The recent decision in Cholly v. Uptain Group, No. 15 C 5030, 2017 WL 449176 (N.D. Ill. Feb. 1, 2017), drives home the point—as we’ve discussed on the blog before—that sometimes the pleadings alone reveal that the requirements for class certification cannot possibly be met. In Cholly, the plaintiff alleged the defendant debt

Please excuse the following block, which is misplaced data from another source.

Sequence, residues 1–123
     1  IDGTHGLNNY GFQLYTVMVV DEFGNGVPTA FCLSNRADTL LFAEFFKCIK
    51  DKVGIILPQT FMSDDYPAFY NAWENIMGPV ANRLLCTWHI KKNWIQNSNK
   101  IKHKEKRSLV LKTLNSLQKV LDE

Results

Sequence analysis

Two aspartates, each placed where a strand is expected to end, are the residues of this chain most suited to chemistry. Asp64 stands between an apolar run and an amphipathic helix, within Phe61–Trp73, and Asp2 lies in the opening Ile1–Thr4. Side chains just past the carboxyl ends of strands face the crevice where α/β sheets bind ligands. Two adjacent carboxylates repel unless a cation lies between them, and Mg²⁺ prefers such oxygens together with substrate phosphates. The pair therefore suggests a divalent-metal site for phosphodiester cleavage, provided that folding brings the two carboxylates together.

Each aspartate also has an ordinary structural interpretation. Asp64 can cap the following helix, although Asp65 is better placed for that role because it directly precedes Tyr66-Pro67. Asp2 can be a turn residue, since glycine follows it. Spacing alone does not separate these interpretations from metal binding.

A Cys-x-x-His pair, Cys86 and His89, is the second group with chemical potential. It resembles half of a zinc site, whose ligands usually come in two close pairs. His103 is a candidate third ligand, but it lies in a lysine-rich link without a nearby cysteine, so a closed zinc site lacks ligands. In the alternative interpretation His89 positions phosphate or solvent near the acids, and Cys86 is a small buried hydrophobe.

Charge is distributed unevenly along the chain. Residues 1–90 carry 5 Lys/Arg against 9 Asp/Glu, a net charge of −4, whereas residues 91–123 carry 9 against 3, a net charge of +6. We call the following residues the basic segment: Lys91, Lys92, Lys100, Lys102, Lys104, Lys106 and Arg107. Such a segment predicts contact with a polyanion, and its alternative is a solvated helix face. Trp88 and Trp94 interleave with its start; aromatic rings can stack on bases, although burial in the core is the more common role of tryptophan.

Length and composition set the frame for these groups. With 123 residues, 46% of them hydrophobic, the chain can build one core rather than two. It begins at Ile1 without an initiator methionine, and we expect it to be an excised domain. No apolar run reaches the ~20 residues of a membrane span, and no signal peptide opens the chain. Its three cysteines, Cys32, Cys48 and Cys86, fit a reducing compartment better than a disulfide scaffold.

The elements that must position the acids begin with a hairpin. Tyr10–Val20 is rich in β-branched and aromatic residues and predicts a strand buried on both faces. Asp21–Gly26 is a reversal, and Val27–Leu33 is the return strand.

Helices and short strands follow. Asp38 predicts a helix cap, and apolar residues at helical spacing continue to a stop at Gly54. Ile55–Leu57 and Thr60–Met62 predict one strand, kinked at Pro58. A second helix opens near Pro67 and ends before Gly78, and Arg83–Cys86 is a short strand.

A unanimous panel of the Fourth Circuit has held Del Webb Communities, Inc. v. Carlson that the question whether an arbitration agreement authorizes class-wide arbitration is for the courts, not an arbitrator, to decide—unless the agreement clearly and unmistakably delegates that issue to the arbitrator. In so holding, the Fourth Circuit aligned itself with decisions of the Third and Sixth Circuits. As we discuss below, the decision benefits businesses that seek to enforce individual arbitration when the arbitration agreement does not expressly authorize class arbitration: If the important question of the availability of class-wide arbitration was assigned to an arbitrator, meaningful judicial review of that decision would not be available.